I meant to write about this a couple of months ago, after reading a story similar to this The original article I read, and forgot to bookmark, focused mainly on the process of how to train a gorilla to sit still for this kind of procedure (this article touches on that a little). I’m getting ahead of myself though. Heart disease is the number one killer of great apes in captivity. Getting a handle on that issue impacts their quality of life in captivity, attempts at conservation through reintroduction of animals into the wild, and, may say something about human evolution.
The gorilla genome has been sequenced and yields some interesting insights on human evolution. The research is reported in Nature. The article is open access. Here is the abstract:
Gorillas are humans’ closest living relatives after chimpanzees, and are of comparable importance for the study of human origins and evolution. Here we present the assembly and analysis of a genome sequence for the western lowland gorilla, and compare the whole genomes of all extant great ape genera. We propose a synthesis of genetic and fossil evidence consistent with placing the human–chimpanzee and human–chimpanzee–gorilla speciation events at approximately 6 and 10 million years ago. In30%of the genome, gorilla is closer tohuman or chimpanzee than the latter are to each other; this is rarer around coding genes, indicating pervasive selection throughout great ape evolution, and has functional consequences in gene expression. A comparison of protein coding genes reveals approximately 500 genes showing accelerated evolution on each of the gorilla, human and chimpanzee lineages, and evidence for parallel acceleration, particularly of genes involved in hearing.Wealso compare the western and eastern gorilla species, estimating an average
sequence divergence time 1.75 million years ago, but with evidence for more recent genetic exchange and a population bottleneck in the eastern species. The use of the genome sequence in these and future analyses will promote a deeper understanding of great ape biology and evolution.
Species: Presbytis hosei canicrus
Common Name: Miller’s grizzled langur
Presbytis hosei canicrus is a subspecies of grey leaf monkey. It was feared to be extinct but has recently been observed in Borneo. Picture Source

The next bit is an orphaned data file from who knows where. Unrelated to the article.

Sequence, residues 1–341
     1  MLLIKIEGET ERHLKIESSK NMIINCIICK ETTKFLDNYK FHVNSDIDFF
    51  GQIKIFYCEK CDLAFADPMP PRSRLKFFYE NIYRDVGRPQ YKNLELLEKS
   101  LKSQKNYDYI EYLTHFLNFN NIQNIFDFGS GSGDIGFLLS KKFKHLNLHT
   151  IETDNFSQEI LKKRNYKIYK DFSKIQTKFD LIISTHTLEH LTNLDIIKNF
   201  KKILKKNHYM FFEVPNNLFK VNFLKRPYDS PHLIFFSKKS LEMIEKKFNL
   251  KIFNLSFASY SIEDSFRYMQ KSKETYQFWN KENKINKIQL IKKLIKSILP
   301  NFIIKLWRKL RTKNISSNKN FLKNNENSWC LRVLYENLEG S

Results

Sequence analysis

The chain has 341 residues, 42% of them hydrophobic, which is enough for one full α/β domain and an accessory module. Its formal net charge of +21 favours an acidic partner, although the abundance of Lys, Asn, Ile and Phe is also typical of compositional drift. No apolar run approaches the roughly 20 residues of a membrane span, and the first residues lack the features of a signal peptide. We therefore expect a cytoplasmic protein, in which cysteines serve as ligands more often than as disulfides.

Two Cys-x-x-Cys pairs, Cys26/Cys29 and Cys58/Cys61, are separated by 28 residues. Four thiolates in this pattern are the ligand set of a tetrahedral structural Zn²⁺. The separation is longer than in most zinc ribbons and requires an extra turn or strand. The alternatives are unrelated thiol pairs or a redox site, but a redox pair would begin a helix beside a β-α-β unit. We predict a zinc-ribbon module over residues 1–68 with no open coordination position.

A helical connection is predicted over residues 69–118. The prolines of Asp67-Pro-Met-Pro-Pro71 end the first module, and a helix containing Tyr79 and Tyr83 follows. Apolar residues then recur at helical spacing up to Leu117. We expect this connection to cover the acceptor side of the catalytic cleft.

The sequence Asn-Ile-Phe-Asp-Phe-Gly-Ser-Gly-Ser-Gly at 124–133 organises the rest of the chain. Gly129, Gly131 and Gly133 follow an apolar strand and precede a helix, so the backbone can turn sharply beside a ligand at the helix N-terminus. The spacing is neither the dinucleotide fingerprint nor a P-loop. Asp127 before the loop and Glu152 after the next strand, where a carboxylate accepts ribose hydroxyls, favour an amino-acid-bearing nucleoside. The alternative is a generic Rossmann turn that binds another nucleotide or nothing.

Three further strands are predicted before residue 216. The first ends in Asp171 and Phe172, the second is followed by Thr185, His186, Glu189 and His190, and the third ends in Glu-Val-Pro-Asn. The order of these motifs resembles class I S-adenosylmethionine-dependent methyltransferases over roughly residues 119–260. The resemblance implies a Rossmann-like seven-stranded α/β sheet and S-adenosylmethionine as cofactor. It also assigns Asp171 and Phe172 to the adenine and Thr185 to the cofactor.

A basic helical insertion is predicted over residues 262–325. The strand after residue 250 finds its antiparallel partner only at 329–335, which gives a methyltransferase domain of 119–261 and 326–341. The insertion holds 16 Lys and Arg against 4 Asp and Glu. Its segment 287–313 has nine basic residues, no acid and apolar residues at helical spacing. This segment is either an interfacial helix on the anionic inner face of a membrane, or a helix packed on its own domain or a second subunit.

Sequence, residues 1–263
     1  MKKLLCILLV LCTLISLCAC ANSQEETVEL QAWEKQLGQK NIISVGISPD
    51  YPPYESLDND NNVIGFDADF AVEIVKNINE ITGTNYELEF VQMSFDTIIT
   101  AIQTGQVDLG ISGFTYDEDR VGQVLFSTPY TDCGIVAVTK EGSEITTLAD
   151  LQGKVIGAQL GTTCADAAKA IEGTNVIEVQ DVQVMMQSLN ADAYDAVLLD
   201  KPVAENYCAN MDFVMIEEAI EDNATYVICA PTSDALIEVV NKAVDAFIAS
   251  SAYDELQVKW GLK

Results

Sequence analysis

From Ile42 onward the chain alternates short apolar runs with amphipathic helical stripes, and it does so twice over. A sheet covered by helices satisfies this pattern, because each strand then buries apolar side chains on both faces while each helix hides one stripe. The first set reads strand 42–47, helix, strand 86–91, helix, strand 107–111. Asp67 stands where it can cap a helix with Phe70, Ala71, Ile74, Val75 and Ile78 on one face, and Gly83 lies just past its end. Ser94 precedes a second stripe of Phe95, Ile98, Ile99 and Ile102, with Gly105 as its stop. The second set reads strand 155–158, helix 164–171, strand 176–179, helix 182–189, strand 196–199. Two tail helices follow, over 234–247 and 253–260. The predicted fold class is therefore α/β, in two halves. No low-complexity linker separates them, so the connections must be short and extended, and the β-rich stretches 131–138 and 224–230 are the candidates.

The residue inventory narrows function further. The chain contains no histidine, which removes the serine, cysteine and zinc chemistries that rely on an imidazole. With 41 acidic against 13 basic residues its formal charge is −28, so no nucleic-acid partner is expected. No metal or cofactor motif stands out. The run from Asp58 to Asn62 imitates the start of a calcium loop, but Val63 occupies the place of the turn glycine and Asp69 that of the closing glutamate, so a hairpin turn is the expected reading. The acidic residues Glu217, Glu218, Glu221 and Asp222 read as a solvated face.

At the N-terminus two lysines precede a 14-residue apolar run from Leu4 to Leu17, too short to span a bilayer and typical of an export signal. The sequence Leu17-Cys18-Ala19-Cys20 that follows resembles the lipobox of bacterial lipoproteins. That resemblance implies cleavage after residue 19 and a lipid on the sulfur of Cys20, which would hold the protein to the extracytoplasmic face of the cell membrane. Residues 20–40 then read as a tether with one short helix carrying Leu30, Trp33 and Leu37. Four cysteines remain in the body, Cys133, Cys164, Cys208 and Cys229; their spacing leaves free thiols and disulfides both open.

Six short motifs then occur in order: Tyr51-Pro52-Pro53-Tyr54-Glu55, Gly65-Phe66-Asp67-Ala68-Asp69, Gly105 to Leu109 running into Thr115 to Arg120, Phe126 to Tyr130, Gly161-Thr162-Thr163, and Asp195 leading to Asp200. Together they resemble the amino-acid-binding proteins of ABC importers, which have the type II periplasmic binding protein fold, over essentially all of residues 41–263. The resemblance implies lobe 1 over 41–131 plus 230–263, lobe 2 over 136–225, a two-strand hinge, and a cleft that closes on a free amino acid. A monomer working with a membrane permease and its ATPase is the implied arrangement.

Species: Parapapio broomi
The genus Parapaio is composed of four species: Parapapio jonesi, Parapapio whitei, Parapapio broomi, and Parapapio antiquus. The picture of Parapapio broomi below is that of a specimen from Bolt’s Farm and dates to about 2 MYA (the picture is somewhat distorted the snout is not as long as in a but is longer than in b. I have been unable to correct the distortion but the original picture can be found here). Parapapio broomi has also been found at Sterkfontein.
Species: Archaeolemur majori
Archaeolemurs are extinct lemurs from the island of Madagascar. They were quadrupedal frugivores that exploited both terrestrial and aboreal environments.
(Picture source: Tattersall 1973 Cranial Anatomy Of The Archaeolemurinae (Lemouroidea, Primates), Anthropological Papers of the AMNH, Vol 52, Part I)
Saadanius hijazensis is a fossil primate dating to the Oligocene at somewhere around 29-28 MYA. Brian Switek has an excellent overview of the finds implications for paleoanthropology.
Subfamily: incertae sedis
Species: Anoiapithecus brevirostris
I have chosen Anoiapithecus brevirostris for this week’s “know Your Primate” because a paper on it has recently been published in the Proceedings of the Royal Society B. The paper, by Alba, Fortuny, and Moya-Sola, looks at enamel thickness in Anoiapithecus brevirostris, Pierolapithecus catalaunicus, and Dryopithecus fontani.
I”l have more about the paper later in the week. Continue reading
Filed under: Anoiapithecus, Dryopithecini, Haplorrhini, Hominidae, Hominoidea, Know Your Primate, Primates | Tagged: Anoiapithecus brevirostris, Dryopithecus fontani, Pierolapithecus catalaunicus | Comments Off